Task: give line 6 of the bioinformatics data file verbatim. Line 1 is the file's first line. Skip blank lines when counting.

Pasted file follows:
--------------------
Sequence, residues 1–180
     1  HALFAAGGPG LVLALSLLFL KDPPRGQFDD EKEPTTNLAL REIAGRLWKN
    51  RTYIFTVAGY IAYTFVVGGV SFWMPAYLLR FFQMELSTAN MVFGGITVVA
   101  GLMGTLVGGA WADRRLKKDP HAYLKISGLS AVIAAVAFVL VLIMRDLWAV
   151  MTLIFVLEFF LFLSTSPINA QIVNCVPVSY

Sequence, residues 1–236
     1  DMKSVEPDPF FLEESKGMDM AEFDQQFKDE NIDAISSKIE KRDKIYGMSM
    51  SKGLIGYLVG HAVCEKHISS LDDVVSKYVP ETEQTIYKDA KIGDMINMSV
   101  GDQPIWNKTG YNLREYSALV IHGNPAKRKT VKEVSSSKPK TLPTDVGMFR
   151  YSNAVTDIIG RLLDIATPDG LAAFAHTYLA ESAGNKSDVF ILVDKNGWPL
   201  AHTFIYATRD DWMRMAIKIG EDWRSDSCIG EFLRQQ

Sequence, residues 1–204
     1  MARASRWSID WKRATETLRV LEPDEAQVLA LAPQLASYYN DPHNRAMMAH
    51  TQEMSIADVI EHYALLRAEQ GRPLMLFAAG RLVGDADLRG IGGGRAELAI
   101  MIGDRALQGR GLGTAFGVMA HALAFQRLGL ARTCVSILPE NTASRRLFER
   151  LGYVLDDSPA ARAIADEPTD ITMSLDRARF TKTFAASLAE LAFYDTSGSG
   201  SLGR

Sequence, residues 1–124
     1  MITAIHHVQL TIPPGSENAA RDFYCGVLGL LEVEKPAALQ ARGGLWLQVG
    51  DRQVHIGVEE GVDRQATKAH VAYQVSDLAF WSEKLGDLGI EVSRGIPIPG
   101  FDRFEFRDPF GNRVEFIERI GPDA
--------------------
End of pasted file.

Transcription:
Sequence, residues 1–236